• If appropriate you could even have some ‘treats’ for this activity. However, by the end of the lesson everyone should have a treat to be fair.

Stage 4: Song
If it is possible to gather the children around you in an open space rather than sitting behind their desks this will create a more relaxed atmosphere and indicate to the children that there is a change of pace and activity.

  • Hand out copies of the song from 
  • The song should be sung to the tune of Three Blind Mice. You can hum the tune first, then they can join in starting quietly and slowly getting louder. This helps with arousing interest, listening and producing the right intonation and rhythm.
  • You could change the word ‘goblins’ to ‘witches’ to avoid introducing any more new words as you will need to explain ‘brew’. This can be done easily by referring back to your original picture of a witch on the board. Add a cauldron with bubbles coming out of it and point saying, ‘This is a witch's brew’.
  • Once the children are confident with the song you can introduce actions and for the older classes you can try to sing in a round splitting the class into two groups.

Stage 5: Craft
You can choose one of the following crafts to do with your class. The one you choose will depend on how many students you have, how much space you have and how much time you have with the children.

  • Spider mobile
    Prepare in advance one piece of string per child and one circle of black paper with a small hole in the middle.
    • Each child can help themselves to four pipe cleaners and then they cut them in half.
    • Demonstrate how to stick them to their circle of black paper with sellotape.
    • They can then use the glue to stick on the red circles for eyes.
    • Then they can thread their pieces of string through the hole ready to tie onto the coat hangers.
    • Each child should tie their own spider onto the mobile when they have finished.
    • This can then be displayed.
  • Lantern
    You should practise making this before class and have one to demonstrate each step.
    • Give each child a sheet of A4 orange paper or card. Show them how to fold it down the middle lengthwise.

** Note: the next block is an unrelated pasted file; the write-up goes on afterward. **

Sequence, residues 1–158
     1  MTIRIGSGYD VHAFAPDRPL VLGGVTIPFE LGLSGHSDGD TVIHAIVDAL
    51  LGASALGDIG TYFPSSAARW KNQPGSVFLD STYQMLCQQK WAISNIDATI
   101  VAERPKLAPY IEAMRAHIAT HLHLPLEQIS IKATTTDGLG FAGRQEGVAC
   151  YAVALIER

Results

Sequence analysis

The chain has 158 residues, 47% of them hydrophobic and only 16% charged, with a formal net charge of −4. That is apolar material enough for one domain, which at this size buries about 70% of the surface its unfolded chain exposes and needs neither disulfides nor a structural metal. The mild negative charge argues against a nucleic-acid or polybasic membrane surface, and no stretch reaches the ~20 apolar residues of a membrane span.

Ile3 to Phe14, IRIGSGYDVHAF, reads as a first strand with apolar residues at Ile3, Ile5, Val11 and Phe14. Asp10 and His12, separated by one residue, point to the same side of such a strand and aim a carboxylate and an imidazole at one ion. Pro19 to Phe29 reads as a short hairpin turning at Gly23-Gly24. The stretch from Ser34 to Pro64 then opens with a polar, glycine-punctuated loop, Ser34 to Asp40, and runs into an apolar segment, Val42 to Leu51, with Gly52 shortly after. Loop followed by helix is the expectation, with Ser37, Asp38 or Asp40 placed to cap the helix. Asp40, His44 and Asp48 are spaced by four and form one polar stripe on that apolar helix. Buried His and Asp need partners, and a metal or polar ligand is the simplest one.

• Then with the paper still folded they should cut about seven straight lines every 2 cms along the paper, starting from the fold and leaving about 2 cms before the edge.
    • Then open out the paper and fold it round into a lantern shape.
    • You should attach the top and bottom together with a stapler or they can do this themselves with sellotape.
    • Give each child another strip of paper to make a handle and attach it to the top of the lantern.
    • They can then decorate their lanterns. 
  • Witch's hat
    • Give each child a sheet of A3 black card which they should roll into a cone and stick together with a piece of sellotape. The younger ones will need help with this.
    • They can decorate their hats with foil and coloured card.
    • Each child can then attach a piece of string to the hat using sellotape while holding the hat onto the heads. They will need a partner to help them do this. Put them into pairs before they start making their hats so that they can help each other.
  • Witch's wand
    • This can be made in the same way as the hat except that the children only need a sheet of A4 paper that should be rolled lengthwise. They could choose the colour they want.


  • Using the song and the witch's crafts each child can make up their own ‘brew’. They can do this by drawing pictures of all the ingredients they want to put into the cauldron, or they can make a recipe and write down what the brew will do if they are older.
  • They should also record the new words into their books. This they can do by matching the pictures to words on their homework sheet and drawing a line from the picture to the word.

Follow up suggestions

  • Using the rhyming sounds you could compose a class Halloween poem.
  • For older children they could compose their own poem in small groups and then present it to the class.